He’s funny. He’s an entertainer. He’s animated. He’s emotional. He’s short fused. All of which makes him fun to be around and exhausting on most accounts. It is my daily struggle to remain patient with his antics. I kept telling myself he would grow out of this “stage” which is what got me through so many days. I’ve come to realize, it’s not a stage – it’s a personality. And I can’t expect him to grow out of it, we need to learn to manage it. Parenting is a journey and every kid seems to be on their road.
This guy is just skipping down his road and I’m just trying to keep up!
Let them be little and let them eat powdered doughnuts!
This is where the first child and fifth child start to grow up a little differently. The younger me, with one child would’ve said it’s too messy (note the shelf of crumbs on his shirt) and not breakfast worthy. The older me recognizes that his face can be washed and the floor can be swept so when his brother shared his doughnut I thought, “Wow – he shared without even being asked!”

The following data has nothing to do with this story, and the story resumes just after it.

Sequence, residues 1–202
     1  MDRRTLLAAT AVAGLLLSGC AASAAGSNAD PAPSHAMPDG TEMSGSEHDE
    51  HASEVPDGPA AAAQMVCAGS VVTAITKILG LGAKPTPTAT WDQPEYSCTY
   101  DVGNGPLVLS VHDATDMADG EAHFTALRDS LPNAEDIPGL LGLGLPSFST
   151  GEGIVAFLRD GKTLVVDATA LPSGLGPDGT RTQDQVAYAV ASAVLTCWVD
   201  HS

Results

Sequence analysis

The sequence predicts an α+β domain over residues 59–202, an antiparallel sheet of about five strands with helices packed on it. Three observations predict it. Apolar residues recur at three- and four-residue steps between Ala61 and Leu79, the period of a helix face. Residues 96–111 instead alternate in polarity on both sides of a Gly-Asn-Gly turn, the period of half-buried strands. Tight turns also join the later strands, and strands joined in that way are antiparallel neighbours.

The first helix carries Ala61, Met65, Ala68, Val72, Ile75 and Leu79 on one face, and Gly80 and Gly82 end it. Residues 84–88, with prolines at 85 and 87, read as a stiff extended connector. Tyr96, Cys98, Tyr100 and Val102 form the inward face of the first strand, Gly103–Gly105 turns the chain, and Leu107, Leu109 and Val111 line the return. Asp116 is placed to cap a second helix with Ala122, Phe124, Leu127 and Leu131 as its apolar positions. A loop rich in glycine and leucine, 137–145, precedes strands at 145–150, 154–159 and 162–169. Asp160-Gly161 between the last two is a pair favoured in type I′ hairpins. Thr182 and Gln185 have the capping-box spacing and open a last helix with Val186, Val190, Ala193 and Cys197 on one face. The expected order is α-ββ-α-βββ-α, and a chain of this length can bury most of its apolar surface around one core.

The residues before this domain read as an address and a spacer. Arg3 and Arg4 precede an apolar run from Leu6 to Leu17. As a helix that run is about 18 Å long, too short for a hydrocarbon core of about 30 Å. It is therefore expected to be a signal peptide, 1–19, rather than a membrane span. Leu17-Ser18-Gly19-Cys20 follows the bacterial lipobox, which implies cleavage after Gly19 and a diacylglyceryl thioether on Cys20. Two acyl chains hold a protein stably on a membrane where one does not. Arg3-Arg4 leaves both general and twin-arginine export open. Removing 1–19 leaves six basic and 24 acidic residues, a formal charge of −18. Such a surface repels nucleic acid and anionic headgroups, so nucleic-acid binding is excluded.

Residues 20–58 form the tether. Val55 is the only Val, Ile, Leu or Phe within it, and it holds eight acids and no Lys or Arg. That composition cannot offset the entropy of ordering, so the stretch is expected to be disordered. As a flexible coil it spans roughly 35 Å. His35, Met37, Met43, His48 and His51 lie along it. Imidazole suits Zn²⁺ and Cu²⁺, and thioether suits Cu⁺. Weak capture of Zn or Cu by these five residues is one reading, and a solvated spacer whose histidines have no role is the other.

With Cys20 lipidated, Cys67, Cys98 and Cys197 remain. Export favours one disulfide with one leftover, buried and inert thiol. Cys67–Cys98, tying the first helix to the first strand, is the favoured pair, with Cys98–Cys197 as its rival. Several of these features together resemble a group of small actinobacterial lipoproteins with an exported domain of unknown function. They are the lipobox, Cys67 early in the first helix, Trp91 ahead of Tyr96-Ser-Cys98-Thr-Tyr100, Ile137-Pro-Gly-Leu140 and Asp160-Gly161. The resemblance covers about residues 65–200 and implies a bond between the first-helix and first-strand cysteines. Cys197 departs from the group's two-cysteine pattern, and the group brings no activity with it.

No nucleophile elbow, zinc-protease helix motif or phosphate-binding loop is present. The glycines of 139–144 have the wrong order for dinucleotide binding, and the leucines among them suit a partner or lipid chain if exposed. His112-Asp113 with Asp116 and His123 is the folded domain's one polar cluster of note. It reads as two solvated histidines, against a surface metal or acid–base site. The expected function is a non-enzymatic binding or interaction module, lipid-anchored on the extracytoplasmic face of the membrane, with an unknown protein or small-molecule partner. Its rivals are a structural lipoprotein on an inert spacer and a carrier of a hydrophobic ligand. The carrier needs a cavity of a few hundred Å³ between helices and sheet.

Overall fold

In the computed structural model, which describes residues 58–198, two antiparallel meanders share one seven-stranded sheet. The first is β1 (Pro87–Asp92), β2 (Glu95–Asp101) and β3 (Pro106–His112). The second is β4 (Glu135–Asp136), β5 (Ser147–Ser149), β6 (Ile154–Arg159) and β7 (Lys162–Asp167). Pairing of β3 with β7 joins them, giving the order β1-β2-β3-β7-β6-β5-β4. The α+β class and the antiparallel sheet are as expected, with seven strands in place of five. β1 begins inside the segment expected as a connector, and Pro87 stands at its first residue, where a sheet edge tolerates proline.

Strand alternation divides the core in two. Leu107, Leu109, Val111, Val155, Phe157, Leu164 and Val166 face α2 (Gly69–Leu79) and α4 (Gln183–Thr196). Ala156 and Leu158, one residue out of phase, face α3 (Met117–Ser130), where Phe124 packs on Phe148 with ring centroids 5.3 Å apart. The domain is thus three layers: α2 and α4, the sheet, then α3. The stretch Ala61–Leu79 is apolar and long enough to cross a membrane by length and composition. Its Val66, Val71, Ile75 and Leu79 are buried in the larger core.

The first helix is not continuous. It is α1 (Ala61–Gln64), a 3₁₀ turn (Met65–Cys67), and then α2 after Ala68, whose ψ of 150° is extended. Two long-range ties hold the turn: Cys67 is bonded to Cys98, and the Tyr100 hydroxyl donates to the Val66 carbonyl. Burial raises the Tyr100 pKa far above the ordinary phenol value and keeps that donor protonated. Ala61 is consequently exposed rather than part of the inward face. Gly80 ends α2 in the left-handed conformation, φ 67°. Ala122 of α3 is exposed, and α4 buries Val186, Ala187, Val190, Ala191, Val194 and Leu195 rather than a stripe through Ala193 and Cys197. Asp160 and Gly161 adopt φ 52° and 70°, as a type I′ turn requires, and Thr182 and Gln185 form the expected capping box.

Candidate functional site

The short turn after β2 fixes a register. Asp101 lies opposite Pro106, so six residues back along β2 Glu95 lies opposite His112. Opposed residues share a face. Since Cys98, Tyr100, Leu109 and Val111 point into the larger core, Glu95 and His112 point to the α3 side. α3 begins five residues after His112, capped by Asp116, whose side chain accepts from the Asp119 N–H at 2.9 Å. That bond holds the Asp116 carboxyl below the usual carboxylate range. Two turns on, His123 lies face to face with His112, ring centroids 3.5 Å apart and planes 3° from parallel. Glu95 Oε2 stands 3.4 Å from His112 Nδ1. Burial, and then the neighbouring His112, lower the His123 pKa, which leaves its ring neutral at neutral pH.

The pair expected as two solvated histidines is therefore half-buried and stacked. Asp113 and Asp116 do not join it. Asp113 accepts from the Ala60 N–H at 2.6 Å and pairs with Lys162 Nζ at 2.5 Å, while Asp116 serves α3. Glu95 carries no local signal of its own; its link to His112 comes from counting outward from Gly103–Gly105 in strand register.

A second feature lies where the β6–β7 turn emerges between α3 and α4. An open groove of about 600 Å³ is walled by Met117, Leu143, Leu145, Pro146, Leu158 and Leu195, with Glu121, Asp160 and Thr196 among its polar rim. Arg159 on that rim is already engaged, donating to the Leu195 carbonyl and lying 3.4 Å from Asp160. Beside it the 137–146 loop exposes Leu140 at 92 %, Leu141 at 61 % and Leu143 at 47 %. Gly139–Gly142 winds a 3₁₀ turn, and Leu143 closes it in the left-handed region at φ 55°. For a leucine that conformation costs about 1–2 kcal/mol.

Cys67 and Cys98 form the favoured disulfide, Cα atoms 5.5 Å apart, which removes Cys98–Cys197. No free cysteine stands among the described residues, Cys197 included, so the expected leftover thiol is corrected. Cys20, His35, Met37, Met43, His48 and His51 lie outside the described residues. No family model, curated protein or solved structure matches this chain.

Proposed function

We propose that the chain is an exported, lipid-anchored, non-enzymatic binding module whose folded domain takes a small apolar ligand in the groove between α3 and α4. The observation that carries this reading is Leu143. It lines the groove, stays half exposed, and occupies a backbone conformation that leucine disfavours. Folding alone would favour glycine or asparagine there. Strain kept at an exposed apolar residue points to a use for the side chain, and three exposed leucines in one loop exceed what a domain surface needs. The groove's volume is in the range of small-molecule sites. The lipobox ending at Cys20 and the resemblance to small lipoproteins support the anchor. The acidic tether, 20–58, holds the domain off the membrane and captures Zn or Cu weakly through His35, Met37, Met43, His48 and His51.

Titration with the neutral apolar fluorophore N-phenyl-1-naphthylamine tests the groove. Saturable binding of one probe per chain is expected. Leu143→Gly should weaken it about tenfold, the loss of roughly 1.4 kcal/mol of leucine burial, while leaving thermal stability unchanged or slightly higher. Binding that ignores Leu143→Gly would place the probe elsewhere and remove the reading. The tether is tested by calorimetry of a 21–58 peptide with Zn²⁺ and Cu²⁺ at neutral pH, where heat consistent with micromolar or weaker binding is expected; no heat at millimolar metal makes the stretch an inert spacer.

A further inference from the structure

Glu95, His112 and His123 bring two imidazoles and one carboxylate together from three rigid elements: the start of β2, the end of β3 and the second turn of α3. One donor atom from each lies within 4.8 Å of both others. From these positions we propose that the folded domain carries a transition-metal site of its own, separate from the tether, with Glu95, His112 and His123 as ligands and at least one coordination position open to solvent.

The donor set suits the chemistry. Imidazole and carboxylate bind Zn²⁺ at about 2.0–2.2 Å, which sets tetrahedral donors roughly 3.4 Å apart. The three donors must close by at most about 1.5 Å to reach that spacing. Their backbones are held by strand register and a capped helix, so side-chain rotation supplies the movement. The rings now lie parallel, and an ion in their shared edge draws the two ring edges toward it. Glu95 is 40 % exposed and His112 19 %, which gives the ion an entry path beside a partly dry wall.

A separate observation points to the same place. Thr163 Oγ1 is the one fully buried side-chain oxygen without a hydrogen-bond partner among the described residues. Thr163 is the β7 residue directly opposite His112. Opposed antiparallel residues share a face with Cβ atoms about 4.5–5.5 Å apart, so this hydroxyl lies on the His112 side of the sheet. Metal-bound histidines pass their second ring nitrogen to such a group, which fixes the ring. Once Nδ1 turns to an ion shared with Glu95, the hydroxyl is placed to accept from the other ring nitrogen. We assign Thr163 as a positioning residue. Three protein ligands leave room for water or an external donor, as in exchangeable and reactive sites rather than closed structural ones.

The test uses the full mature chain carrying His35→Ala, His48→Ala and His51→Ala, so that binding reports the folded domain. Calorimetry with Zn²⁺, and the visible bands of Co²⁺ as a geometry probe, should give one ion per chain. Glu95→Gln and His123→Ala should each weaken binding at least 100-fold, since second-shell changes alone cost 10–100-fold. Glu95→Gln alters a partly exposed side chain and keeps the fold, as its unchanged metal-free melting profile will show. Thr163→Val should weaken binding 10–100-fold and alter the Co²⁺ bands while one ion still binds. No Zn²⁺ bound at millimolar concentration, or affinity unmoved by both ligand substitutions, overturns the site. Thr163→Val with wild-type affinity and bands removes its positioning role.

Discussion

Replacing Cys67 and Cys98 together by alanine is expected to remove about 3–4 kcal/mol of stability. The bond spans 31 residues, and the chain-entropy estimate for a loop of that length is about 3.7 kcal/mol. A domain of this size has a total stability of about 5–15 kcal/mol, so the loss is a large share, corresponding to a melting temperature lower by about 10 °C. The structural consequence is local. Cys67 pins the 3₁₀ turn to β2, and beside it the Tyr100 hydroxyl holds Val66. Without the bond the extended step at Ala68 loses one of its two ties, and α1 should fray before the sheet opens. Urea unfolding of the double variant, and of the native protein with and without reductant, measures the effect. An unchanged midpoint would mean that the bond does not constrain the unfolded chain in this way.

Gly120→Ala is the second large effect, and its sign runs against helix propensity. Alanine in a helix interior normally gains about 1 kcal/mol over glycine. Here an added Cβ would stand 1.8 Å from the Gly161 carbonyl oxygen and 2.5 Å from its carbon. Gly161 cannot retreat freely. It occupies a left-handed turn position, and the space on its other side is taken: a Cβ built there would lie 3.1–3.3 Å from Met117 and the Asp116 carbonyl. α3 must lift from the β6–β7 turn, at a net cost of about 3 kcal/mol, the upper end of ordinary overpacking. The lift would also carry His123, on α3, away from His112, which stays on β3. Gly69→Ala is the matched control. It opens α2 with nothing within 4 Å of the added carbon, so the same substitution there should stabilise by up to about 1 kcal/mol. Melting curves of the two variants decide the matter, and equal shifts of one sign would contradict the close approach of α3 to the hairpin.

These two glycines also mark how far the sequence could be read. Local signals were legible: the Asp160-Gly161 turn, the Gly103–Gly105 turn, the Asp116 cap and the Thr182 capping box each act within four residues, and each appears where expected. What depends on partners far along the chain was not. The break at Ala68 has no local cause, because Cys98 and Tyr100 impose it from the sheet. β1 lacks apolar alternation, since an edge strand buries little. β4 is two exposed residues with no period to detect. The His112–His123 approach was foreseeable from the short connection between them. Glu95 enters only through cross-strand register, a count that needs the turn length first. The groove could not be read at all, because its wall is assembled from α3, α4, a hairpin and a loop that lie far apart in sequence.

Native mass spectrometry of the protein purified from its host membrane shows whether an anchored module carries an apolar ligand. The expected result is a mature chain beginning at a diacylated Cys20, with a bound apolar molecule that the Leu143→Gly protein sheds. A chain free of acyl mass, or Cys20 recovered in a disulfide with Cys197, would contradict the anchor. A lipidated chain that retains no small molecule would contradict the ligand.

I still don’t think it’s breakfast worthy but once in a while isn’t doing any harm, right?! I see why parents start to relax on things such as this. It’s not because they’re lazy or have given up on parenting – its because they…relax. It’s key. Which I’m sure my parents thought over and over again as they saw me raising my children. And I’m sure most people in the grandparent stage would say the same about their kids raising kids. We over think. We put too much pressure on ourselves. We’re unsure as to what is best. When really, we all just need to relax a little bit. And I think you can relax and still run an organized and respectful home. I’m learning the balance.
Back to doughnut boy – his face was priceless after he shoved the whole doughnut in his mouth (in which only half the doughnut actually made it in his mouth) only to realize it was a little dry and harder to swallow than other food. And not surprisingly one powdered doughnut is never enough!